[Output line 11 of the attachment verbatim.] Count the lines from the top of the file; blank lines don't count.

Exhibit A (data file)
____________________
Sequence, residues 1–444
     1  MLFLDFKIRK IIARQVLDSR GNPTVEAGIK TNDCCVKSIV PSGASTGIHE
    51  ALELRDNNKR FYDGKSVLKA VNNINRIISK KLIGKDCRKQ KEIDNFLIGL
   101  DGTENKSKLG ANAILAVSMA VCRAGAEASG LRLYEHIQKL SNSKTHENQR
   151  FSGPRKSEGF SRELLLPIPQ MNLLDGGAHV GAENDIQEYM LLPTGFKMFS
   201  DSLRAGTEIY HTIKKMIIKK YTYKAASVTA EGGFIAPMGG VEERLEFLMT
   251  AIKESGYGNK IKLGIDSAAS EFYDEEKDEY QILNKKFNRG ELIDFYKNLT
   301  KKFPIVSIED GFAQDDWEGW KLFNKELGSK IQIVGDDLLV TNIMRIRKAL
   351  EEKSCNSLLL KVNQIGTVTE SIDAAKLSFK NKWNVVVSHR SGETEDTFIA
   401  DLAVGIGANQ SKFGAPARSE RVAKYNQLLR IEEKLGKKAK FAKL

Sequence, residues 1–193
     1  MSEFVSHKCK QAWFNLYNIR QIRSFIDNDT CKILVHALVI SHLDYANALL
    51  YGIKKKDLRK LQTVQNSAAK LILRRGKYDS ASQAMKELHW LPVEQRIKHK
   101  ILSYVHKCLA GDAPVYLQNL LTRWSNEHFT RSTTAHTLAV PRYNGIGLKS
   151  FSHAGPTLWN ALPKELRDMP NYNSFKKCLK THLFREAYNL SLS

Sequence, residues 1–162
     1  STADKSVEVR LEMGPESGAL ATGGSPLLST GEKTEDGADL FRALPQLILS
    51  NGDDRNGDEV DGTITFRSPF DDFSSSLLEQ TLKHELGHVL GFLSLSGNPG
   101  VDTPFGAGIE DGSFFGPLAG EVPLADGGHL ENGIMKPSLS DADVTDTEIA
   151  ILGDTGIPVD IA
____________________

Sequence, residues 1–193